There is also the issue of compliance and enforcement. I used to be responsible for the quality of water in the Thames. It was impossible to get adequate government investment and to free up Thames Water to allow the super-sewer to stop London being the last capital in the world that uses its river as an open sewer at times of high rainfall. European legislation meant that we were put into infraction and fined eye-watering sums daily, and that is why the Government enabled the creation of the super-sewer, which is now under way. Therefore, although we will lose the infraction process, the fining process and the European Court of Justice, we need to make sure that individuals’ access to environment justice is not lost in the transposition. We will need proper mechanisms to allow that to be replicated effectively in this country. Access to the courts is not enough. We have recently seen a move to reduce the ability of private individuals to call for a judicial review by removing the cap on the costs. Your future livelihood and assets are now threatened if you take a judicial review without that protection.

We do not simply want a process whereby local authorities and companies can be fined for environmental failure; in cases where government has played a major part, we need a mechanism that allows the nation to hold government accountable for failure to deliver environmental outcomes. There are a number of suggestions for that, such as an environmental ombudsman process or an environment court. I have no strong views about which it should be, but it must be an effective process that allows action to be taken where there has been inadequate environmental protection.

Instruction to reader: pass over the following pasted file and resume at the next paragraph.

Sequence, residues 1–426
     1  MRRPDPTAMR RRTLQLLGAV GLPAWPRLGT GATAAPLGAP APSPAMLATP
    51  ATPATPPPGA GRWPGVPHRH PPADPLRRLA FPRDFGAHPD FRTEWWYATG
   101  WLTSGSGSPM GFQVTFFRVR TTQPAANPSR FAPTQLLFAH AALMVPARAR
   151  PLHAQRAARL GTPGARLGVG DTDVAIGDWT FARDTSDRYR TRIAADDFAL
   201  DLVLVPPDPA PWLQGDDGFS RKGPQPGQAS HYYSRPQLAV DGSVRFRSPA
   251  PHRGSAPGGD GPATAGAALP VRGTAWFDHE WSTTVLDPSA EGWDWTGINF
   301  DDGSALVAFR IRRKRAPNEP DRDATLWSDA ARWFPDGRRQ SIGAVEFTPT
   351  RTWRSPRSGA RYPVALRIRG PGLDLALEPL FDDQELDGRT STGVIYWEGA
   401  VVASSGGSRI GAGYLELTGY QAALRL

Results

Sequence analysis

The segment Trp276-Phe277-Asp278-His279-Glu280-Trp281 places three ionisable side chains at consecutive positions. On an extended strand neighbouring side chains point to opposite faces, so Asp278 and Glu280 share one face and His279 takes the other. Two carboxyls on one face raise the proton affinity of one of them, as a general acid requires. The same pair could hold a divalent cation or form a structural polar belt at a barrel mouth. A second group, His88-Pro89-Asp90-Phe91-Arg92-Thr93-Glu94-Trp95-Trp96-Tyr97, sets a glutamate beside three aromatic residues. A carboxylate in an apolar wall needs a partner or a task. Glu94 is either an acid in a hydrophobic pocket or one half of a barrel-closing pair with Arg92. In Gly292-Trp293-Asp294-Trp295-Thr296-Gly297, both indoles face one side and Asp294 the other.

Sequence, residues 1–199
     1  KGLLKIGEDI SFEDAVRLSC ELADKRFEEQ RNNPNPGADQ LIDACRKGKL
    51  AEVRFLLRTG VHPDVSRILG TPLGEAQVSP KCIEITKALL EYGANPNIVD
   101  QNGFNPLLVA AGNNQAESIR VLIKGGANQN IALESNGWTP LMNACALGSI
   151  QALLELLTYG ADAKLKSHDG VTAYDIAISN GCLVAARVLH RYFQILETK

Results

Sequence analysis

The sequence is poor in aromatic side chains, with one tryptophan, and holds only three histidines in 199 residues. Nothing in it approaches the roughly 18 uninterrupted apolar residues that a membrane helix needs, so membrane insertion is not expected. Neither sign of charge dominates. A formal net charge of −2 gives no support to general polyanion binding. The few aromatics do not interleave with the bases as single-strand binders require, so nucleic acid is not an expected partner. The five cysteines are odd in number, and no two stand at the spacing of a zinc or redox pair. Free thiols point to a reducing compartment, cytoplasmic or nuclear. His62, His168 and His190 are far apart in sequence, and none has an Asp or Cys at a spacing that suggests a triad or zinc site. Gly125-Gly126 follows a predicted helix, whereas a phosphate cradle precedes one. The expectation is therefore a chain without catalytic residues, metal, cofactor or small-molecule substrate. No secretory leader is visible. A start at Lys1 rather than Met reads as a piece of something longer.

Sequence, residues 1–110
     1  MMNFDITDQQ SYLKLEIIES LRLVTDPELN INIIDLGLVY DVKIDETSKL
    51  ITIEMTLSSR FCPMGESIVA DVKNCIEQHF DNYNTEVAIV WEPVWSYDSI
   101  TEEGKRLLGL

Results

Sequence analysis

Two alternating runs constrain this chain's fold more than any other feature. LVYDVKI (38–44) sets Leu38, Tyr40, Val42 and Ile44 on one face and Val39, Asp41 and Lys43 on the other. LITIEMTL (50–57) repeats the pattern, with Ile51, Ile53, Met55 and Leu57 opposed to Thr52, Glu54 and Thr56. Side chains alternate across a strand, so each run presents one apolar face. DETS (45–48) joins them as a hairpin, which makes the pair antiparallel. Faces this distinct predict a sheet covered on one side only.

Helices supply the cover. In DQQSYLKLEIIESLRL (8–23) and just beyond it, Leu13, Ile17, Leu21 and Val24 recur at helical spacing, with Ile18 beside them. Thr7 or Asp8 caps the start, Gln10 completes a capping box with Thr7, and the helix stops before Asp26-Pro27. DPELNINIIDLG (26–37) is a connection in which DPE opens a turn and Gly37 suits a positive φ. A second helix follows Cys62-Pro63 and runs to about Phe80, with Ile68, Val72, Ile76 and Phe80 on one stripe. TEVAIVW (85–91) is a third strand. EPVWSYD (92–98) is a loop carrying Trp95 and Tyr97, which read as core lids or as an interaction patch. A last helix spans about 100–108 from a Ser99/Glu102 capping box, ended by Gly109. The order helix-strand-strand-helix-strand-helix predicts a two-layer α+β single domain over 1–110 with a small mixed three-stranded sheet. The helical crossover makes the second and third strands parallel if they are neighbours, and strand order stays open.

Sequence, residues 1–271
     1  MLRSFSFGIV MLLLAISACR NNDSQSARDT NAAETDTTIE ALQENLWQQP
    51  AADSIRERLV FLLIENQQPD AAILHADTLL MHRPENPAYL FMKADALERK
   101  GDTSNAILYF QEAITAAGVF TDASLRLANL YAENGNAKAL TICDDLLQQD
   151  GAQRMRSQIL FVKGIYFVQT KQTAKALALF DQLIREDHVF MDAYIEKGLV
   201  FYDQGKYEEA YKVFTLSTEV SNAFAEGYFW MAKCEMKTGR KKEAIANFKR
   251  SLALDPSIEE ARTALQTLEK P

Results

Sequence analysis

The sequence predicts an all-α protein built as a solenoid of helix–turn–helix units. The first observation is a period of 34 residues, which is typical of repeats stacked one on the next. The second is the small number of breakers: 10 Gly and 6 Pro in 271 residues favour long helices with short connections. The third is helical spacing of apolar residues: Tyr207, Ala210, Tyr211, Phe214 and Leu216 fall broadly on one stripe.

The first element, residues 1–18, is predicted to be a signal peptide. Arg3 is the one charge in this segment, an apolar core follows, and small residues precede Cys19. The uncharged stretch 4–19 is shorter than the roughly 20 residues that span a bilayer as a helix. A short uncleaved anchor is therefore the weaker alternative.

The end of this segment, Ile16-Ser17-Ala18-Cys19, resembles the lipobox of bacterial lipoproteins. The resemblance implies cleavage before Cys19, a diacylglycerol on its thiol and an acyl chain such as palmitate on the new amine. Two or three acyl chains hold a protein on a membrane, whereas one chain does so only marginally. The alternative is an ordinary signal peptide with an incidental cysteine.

Of course, the environmental legislation that we have is not just good for the environment and for all of us who depend on environmental quality; it is also good for business. For example, the global market for low-carbon environmental goods and services is estimated to be €4.2 trillion, and the EU member state market share is currently 21% of that, according to BEIS figures. Environmental impacts are the third most important factor for EU customers after quality and price. According to a report by the Office for National Statistics, environmental goods and services contribute £29 billion to the UK economy in value added, and they account for 373,000 full-time jobs. Therefore, there are big business opportunities here and big opportunities to use environmental regulation to drive innovation.